Forget about the next frontier, the rapidly accelerating new space economy has arrived in South Australia and is set to change the space industry landscape as we know it.
Over the past month we’ve seen an avalanche of game-changing headlines that have been centred around the Australian Space Agency based in Adelaide.
The highly anticipated announcement of the world first ‘Space Bridge’ between UK and Australian Space Agencies was one of the first positive news stories rolled out in recent weeks.
The proposed ‘Space Bridge’, borne out of the highly successful ‘FinTech Bridge’ already in existence between the UK and Australia, will unlock greater collaboration between governments, regulators and industry.
Dr Graham Turnock, CEO of the UK Space Agency said, “The UK’s space heritage has strong links to Australia, with the first British rockets lifting off from Woomera [South Australia] in the 1950s, and we are committed to strengthening our friendship and partnership.”
“A Space Bridge agreement will bring significant benefits to both our thriving space industries, facilitating new trade and investment opportunities and the exchange of knowledge and ideas.”
The announcement set the tone for the New Space Economy event hosted the same week by the Australia-Untied Kingdom Chamber of Commerce in partnership with the Office of the Agent General.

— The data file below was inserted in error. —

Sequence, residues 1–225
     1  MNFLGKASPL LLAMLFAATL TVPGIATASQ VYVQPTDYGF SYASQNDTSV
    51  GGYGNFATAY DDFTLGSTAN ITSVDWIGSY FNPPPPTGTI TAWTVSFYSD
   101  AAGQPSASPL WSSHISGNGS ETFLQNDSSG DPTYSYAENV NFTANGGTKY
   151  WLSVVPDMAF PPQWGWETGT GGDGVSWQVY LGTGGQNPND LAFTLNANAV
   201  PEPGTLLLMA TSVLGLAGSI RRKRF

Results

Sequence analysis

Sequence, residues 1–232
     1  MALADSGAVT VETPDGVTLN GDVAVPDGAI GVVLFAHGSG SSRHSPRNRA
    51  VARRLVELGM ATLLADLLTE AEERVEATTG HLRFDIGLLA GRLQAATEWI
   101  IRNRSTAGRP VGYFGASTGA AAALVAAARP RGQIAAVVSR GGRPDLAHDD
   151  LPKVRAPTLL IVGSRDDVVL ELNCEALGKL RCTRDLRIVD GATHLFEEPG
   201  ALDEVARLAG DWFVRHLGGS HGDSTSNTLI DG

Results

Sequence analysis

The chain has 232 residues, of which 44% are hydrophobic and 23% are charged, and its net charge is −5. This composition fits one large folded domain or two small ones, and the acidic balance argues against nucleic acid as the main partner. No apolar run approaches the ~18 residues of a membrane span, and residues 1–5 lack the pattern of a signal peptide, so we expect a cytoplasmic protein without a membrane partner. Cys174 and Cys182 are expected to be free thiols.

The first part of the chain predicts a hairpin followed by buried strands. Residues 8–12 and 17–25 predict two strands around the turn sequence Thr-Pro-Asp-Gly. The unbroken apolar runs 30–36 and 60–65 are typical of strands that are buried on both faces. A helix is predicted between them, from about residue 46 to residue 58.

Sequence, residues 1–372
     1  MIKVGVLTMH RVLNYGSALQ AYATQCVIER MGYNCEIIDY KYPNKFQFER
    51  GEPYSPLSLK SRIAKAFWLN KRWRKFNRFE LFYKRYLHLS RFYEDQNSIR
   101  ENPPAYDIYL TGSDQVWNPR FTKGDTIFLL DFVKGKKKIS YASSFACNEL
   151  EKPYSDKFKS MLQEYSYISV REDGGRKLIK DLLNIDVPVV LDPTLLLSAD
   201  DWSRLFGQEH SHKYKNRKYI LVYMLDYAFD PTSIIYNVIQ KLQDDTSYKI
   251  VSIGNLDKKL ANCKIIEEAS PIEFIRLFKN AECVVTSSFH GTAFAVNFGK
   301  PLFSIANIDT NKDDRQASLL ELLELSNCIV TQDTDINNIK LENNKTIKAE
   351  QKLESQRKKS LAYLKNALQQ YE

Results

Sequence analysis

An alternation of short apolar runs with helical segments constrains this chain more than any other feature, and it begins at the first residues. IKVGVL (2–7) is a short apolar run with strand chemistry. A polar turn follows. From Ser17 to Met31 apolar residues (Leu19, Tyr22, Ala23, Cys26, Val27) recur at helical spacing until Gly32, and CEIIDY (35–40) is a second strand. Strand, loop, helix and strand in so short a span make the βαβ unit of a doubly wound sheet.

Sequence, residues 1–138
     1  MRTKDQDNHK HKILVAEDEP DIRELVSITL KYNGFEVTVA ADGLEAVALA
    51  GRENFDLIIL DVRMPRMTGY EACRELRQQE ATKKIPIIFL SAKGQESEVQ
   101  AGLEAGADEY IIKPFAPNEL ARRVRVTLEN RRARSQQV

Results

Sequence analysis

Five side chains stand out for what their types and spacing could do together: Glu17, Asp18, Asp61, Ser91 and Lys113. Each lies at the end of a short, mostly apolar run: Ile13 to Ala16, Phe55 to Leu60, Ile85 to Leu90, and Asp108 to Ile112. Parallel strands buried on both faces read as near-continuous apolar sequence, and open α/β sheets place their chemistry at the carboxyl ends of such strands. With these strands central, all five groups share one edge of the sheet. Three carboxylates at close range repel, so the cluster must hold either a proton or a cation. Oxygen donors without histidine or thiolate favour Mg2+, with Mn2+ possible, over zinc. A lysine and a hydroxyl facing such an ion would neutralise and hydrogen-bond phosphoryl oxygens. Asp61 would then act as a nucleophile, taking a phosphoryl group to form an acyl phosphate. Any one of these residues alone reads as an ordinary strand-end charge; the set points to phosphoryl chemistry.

The sold out session explored the acceleration of activity and innovation in the space domain and it’s far-reaching implications across multiple sectors including health, manufacturing, mining and energy as passionately highlighted by speakers, Australian Space Agency’s Karl Rodrigues and UK Space Agency’s Dr Alice Bunn.
This laid the foundations for the 8th Space Forum held days later in Adelaide which saw key players in the industry gather to discuss the latest trends, technology and opportunities in space.
The big news to come from the conference was American company Tyvak Nano-Satellite Systems will establish a space vehicle manufacturing facility in South Australia’s Lot Fourteen adding to a growing innovation neighbourhood.
This was followed by South Korean company Perigee Aerospace’s new deal with South Australian space innovator Southern Launch which will launch satellites from the planned rocket launch facility on the Eyre Peninsula.
While space can seem like a dark and infinite mass of the uncertain, we can be sure of one thing – a strong and collaborative relationship between the UK and Australia will see South Australian industry transformed creating technology, skills and jobs in a vibrant sector.
It’s time to strap in because South Australia’s burgeoning space sector is taking off.